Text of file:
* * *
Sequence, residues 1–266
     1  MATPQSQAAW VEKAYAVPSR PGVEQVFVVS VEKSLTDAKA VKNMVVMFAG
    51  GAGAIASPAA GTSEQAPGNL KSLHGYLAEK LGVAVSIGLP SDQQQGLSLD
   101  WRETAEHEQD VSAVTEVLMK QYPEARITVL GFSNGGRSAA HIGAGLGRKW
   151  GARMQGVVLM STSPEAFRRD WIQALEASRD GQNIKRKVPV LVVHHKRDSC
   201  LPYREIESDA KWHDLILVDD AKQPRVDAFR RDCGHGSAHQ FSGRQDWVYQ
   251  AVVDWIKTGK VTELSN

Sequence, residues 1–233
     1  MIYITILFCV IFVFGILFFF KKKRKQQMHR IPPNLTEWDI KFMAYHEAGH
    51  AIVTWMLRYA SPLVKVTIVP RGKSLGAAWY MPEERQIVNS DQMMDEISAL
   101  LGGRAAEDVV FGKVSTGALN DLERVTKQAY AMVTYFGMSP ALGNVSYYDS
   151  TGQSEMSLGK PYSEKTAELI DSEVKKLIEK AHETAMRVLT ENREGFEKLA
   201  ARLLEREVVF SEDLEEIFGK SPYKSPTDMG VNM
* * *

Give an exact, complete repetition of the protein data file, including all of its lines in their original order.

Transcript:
Sequence, residues 1–266
     1  MATPQSQAAW VEKAYAVPSR PGVEQVFVVS VEKSLTDAKA VKNMVVMFAG
    51  GAGAIASPAA GTSEQAPGNL KSLHGYLAEK LGVAVSIGLP SDQQQGLSLD
   101  WRETAEHEQD VSAVTEVLMK QYPEARITVL GFSNGGRSAA HIGAGLGRKW
   151  GARMQGVVLM STSPEAFRRD WIQALEASRD GQNIKRKVPV LVVHHKRDSC
   201  LPYREIESDA KWHDLILVDD AKQPRVDAFR RDCGHGSAHQ FSGRQDWVYQ
   251  AVVDWIKTGK VTELSN

Sequence, residues 1–233
     1  MIYITILFCV IFVFGILFFF KKKRKQQMHR IPPNLTEWDI KFMAYHEAGH
    51  AIVTWMLRYA SPLVKVTIVP RGKSLGAAWY MPEERQIVNS DQMMDEISAL
   101  LGGRAAEDVV FGKVSTGALN DLERVTKQAY AMVTYFGMSP ALGNVSYYDS
   151  TGQSEMSLGK PYSEKTAELI DSEVKKLIEK AHETAMRVLT ENREGFEKLA
   201  ARLLEREVVF SEDLEEIFGK SPYKSPTDMG VNM